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Are you getting a little tired of reading about all those massive data breaches happening to the big companies? Does it make you feel a bit insecure about your online accounts? Are you worried that your password may have been exposed in one of these breaches? If you answered yes to any of these questions (and you definitely should have!), we have good news for you. There is a way to make your accounts harder to hack. Granted, it isn’t as convenient as a simple password, but it’s a whole lot safer. So, what is MFA?

Multi-factor authentication (sometimes referred to as MFA or 2FA for two-factor authentication) can be implemented with some sites, applications and services to make your accounts more secure. It works by requiring two separate credentials to be given in order to prove your identity. The credentials are based on something you know (like a password or PIN), something you have (like a cell phone or smart card), or something you are (like fingerprinting or retinal scans). MFA requires you to have evidence from at least two of those different categories to log in.

For example, you may need to enter a password and then enter a code that has been texted to you before you can login. In this case, you are using something you know (the password) and something you have (the cell phone). It is important to note that two evidence items from the same category do NOT constitute MFA and aren’t much more secure than a regular password. For example, requiring both a password and a PIN to log into an account is not MFA, because they are both something you know.

How does MFA help?

So how does this keep you more secure? MFA is part of a defense-in-depth strategy; in other words, it is a security control that is designed to act as a failsafe if another defense fails. It basically adds another wall a cybercriminal must break down before they can get to your account, giving you multiple layers of security. Sure, they might have your password, but if you have MFA enabled and your cell phone is still in your possession, they’re out of luck. Failing to provide both pieces of evidence correctly will block access.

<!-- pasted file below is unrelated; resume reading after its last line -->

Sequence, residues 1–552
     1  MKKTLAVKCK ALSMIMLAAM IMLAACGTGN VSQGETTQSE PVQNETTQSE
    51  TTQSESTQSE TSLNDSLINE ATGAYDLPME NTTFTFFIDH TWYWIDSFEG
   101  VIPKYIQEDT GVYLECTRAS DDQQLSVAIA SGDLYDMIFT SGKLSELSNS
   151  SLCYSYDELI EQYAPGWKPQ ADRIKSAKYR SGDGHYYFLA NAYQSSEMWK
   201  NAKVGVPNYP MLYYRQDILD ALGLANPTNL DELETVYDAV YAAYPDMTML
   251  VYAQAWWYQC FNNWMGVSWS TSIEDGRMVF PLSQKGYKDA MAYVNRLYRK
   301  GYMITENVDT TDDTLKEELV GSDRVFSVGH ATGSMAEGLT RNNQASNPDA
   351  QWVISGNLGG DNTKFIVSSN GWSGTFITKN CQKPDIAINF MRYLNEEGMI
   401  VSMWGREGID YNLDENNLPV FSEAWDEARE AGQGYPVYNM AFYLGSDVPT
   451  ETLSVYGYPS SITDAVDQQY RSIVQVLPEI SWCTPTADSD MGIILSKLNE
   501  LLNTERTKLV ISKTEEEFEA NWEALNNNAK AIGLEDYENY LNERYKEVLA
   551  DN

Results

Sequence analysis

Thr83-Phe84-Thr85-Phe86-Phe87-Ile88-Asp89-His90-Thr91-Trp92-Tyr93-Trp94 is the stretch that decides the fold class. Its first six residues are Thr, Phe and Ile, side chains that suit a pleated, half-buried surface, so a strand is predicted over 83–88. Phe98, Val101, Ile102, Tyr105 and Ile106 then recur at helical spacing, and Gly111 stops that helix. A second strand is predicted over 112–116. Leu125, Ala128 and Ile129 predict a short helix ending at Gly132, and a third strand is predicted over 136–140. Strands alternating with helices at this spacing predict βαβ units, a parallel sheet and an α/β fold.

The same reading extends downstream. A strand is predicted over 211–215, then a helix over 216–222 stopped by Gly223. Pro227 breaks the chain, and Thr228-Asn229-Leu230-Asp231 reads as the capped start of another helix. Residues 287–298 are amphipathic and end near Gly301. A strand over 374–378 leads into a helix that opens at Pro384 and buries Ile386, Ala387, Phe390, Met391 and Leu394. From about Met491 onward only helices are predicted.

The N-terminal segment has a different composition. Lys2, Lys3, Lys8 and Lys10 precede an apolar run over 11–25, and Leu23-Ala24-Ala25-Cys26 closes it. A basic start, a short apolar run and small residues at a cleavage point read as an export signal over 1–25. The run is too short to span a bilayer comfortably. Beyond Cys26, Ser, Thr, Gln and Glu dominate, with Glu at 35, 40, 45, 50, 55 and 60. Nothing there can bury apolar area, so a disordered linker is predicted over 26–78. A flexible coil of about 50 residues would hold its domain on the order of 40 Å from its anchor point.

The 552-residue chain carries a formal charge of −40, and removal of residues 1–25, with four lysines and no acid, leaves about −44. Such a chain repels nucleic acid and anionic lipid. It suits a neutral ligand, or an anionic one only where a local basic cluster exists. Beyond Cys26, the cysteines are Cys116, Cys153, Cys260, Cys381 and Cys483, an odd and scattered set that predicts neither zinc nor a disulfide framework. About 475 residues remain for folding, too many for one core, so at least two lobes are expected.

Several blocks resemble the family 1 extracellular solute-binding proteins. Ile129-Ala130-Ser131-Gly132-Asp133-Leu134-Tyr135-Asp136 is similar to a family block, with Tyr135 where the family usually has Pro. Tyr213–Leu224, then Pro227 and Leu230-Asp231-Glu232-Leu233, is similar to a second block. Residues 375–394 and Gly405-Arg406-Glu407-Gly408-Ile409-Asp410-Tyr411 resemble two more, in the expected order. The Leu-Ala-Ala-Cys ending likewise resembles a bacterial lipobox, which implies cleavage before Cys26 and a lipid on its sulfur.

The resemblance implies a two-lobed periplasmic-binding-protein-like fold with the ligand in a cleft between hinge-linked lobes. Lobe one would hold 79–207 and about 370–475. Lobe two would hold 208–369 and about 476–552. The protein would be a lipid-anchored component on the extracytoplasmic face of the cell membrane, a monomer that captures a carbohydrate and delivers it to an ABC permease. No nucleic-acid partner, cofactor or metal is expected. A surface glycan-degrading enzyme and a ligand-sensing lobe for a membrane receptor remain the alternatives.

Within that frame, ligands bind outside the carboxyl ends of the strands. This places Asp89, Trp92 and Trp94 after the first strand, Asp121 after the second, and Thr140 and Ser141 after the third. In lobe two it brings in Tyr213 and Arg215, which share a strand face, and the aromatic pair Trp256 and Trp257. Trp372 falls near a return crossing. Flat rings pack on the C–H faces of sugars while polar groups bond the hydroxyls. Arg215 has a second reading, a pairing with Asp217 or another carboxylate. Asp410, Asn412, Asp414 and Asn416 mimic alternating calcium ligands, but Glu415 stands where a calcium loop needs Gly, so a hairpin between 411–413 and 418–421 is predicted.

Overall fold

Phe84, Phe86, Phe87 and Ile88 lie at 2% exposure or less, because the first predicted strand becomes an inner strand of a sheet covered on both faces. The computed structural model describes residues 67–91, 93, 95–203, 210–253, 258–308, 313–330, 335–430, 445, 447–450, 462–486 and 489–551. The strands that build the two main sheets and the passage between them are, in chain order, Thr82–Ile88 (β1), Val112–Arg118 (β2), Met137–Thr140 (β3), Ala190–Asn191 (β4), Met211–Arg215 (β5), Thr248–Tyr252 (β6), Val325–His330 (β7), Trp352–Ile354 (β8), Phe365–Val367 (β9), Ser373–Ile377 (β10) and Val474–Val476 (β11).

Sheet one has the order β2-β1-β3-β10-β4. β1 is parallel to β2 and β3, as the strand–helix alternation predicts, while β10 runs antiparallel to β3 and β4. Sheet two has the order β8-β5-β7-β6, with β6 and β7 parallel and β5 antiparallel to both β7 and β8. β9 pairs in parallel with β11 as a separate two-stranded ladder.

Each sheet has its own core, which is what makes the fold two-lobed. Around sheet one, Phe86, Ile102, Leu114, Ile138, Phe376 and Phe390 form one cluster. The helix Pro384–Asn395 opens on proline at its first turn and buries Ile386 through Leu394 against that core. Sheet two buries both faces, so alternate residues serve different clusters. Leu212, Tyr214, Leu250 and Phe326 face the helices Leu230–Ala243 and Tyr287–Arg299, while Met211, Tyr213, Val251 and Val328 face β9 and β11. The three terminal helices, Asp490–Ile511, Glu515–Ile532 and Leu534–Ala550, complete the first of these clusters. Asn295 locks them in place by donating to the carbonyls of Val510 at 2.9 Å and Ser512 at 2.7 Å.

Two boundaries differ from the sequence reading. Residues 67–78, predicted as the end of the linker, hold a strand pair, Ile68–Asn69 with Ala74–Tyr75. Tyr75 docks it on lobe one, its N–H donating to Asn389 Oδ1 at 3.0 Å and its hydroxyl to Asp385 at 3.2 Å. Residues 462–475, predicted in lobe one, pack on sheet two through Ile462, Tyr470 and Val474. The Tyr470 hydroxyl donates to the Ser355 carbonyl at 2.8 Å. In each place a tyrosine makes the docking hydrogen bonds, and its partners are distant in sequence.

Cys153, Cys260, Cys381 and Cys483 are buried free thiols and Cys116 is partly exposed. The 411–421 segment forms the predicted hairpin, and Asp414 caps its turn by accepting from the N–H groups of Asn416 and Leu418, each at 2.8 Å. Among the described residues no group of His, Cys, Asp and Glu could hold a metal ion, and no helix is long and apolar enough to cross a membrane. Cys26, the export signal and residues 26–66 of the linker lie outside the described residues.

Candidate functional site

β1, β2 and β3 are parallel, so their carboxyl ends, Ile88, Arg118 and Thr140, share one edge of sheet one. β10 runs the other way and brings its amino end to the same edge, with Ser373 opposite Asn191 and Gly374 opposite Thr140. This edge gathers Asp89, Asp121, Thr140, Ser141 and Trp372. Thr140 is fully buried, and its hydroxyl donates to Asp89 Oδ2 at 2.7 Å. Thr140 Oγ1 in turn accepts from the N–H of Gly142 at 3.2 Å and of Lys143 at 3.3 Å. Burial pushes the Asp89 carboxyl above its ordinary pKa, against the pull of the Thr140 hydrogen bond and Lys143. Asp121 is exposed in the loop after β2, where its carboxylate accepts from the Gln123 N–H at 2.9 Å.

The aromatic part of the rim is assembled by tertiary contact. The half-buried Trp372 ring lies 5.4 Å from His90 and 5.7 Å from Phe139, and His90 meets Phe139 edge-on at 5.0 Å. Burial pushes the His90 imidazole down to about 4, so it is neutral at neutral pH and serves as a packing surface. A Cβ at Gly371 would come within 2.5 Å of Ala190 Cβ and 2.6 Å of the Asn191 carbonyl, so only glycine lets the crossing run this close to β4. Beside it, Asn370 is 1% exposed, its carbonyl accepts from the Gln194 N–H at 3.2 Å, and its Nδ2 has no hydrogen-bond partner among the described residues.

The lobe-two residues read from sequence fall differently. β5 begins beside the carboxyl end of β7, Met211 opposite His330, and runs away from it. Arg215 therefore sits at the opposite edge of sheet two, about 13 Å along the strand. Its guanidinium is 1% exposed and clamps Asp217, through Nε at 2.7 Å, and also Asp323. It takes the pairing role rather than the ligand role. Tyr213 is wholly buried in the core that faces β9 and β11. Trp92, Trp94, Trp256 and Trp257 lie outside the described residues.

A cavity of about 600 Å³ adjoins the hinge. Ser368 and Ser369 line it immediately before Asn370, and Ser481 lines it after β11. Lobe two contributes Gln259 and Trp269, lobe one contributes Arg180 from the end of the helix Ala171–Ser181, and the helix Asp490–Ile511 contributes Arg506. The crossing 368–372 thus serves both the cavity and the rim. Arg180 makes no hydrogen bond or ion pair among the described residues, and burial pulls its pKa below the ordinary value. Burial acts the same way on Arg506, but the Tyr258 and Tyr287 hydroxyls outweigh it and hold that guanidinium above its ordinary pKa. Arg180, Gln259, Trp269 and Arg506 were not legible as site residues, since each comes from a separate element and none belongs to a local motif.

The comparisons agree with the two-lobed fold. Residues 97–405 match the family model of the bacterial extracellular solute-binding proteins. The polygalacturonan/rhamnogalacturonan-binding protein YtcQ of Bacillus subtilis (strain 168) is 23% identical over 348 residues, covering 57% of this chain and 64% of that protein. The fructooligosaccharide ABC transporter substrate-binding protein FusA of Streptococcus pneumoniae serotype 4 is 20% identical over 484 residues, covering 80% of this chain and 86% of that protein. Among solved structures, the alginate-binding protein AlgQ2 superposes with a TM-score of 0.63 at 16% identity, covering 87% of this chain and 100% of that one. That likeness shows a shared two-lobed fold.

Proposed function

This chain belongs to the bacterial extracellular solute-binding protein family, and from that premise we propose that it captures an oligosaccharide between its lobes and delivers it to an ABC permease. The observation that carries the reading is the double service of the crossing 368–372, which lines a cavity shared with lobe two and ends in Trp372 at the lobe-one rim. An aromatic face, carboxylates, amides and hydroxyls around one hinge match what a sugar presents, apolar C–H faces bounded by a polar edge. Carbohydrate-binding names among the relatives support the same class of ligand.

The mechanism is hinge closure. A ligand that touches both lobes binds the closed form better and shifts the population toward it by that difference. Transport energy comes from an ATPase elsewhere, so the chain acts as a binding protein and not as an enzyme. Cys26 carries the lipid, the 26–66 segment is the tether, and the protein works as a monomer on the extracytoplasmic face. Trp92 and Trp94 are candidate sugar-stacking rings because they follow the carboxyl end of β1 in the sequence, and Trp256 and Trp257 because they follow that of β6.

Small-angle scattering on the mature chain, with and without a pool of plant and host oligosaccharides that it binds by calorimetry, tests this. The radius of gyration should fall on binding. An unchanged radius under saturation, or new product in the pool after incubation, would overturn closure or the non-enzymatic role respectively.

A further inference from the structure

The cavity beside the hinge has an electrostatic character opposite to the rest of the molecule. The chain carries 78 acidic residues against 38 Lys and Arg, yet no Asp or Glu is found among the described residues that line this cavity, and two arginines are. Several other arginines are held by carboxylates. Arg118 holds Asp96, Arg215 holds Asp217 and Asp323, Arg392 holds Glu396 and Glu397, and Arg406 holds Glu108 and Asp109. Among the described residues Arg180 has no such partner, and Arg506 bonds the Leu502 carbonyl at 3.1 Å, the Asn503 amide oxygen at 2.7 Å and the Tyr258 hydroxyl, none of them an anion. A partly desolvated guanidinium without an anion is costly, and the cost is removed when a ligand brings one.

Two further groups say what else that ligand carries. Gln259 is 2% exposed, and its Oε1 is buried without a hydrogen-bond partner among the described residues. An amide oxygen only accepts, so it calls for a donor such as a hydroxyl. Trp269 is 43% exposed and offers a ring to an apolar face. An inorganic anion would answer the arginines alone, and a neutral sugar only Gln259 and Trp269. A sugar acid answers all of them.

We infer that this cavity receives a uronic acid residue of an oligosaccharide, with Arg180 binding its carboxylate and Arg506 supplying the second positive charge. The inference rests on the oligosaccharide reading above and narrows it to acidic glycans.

Who’s using MFA

Some popular services are already offering MFA support. Some of the more well-known ones include Gmail, Paypal, and Facebook. You will probably have to manually enable this option in your account on the specified website, and each is different, so check out the site’s FAQs or contact their customer service department for assistance if you need help setting up MFA. In the case of your organization, for remote logins to your internal network, you may need to contract with a service such as Duo to provide MFA options.

While MFA may seem to be an inconvenience at first, it is invaluable from a security perspective. If the news has you worried about the safety of your online accounts, don’t hesitate to look for MFA options. It might mean the difference between a hacked account and staying safe.